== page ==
Google And Facebook Laying Hi-Speed Trans-Pacific Cable

Back in the nineties, Google started as an Internet search engine firm while Facebook used to be a simple social network for college kids in the early naughties. Today, these two companies are some of the largest tech giants the world has ever seen and are investing in pretty much everything from apps, cloud services, and communications solutions to self-driving cars, virtual reality technology, and Internet infrastructure. While usually fierce competitors with different outlooks on the future of technology, both companies have one thing in common - most of their products need reliable and speedy Internet connections. This is precisely why the two were willing to temporarily put their competitive spirits aside and decided to work together in order to bring high-speed Internet to as many parts of the world as possible.

More specifically, Google and Facebook have just announced that they're collaborating on a huge project whose goal is to lay an 8,000-mile (12,800-kilometer) fiber-optic cable between Los Angeles and Hong Kong that will offer the highest-capacity Internet route between North America and Asia ever created. No big deal, right? In any case, the said cable will boast a bandwidth of 120 terabits per second which is twice as much as what is currently available. Coincidentally, the currently fastest trans-pacific Internet cable FASTER has also been partially financed by Google.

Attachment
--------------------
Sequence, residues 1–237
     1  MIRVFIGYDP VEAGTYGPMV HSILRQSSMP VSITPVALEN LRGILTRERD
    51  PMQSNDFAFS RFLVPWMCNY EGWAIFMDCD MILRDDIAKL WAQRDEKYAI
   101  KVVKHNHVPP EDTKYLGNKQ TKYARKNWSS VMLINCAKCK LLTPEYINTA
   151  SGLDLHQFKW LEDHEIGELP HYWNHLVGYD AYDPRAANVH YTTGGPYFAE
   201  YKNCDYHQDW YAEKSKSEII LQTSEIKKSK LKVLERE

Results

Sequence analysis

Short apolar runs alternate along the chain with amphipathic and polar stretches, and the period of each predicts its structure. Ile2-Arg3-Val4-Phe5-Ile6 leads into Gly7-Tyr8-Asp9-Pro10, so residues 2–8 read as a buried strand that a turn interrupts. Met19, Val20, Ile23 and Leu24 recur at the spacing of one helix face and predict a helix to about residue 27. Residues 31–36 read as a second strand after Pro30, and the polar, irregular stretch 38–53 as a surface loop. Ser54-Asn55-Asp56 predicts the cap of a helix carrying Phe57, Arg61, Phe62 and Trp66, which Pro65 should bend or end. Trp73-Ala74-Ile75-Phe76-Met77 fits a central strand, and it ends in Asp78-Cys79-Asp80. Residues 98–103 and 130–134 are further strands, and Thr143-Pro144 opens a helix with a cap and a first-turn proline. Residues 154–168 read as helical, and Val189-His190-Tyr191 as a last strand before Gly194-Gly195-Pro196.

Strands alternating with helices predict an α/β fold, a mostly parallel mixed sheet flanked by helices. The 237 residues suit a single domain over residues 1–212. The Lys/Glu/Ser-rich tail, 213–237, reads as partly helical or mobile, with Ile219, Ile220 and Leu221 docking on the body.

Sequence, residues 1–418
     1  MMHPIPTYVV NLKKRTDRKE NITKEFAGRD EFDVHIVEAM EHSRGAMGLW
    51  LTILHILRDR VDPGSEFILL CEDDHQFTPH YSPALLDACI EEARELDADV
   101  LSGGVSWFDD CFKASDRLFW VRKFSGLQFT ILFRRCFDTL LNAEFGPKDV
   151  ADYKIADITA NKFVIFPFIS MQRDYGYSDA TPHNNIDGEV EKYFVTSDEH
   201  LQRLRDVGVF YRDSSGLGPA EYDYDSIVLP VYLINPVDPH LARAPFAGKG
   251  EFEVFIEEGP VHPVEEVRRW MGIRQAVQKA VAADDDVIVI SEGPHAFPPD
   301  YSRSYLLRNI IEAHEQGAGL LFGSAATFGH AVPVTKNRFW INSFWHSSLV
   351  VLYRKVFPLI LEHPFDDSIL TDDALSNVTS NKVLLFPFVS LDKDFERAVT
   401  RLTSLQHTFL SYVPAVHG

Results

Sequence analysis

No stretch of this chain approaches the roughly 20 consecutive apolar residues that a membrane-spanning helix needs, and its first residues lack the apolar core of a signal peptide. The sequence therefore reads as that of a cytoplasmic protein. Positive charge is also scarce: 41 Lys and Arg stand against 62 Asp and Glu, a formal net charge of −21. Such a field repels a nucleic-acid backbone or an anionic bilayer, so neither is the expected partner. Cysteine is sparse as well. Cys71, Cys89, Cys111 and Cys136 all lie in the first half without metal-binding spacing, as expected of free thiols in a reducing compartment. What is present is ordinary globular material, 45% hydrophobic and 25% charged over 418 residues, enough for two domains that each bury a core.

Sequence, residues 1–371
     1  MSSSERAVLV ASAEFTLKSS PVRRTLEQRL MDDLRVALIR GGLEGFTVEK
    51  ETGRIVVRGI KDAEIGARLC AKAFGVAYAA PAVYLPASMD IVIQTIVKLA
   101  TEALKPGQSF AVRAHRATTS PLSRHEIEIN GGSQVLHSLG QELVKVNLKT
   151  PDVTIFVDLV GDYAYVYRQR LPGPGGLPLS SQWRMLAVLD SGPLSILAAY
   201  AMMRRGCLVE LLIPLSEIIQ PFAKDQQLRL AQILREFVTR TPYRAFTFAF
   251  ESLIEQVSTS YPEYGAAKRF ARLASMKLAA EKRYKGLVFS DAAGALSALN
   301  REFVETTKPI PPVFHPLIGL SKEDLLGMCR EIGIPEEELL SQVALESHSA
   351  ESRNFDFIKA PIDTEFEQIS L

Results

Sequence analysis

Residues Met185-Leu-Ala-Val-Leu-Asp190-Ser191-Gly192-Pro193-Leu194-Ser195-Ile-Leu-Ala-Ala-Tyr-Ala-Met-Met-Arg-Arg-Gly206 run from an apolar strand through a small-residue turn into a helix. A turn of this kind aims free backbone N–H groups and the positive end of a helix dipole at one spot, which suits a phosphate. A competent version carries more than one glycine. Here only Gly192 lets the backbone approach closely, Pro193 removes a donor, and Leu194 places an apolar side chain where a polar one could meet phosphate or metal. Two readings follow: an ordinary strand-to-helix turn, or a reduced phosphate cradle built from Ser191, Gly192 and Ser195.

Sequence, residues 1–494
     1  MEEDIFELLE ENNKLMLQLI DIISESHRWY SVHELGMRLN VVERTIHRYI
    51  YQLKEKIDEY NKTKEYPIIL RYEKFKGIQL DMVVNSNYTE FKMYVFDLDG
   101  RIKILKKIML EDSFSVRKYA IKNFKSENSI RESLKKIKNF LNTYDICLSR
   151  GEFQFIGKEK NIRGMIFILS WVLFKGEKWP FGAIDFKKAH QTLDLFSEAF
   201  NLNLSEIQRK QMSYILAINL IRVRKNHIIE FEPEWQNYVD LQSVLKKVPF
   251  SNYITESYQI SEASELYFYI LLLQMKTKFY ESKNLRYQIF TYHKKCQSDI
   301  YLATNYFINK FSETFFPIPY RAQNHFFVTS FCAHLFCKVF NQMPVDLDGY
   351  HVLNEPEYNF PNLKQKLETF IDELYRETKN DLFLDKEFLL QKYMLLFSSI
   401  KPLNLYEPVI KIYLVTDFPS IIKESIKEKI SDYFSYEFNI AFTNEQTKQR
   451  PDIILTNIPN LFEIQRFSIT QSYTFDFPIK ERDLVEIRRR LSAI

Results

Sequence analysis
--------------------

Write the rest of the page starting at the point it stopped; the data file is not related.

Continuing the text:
While specifics of this partnership are yet to be revealed, it's not hard to guess why two of the world's largest Internet giants are interested in financing an enormous project such as this one. Namely, as their services are evolving in terms of features, both Google and Facebook need more bandwidth to ensure that their users are getting what they were promised so it's basically a given that the companies will primarily finance this cable in order to use its capabilities. Just in case that they're unable to use the maximum potential of this infrastructure, Facebook and Google will certainly have no issues with selling or leasing the remaining capacity to other companies. According to latest reports, works are expected to begin shortly and this submarine cable should already be operational by 2018.

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Dominik Bosnjak

Head Editor
Dominik started at AndroidHeadlines in 2016 and is the Head Editor of the site today. He’s approaching his first full decade in the media industry, with his background being primarily in technology, gaming, and entertainment. These days, his focus is more on the political side of the tech game, as well as data privacy issues, with him looking at both of those through the prism of Android. Contact him at [email protected]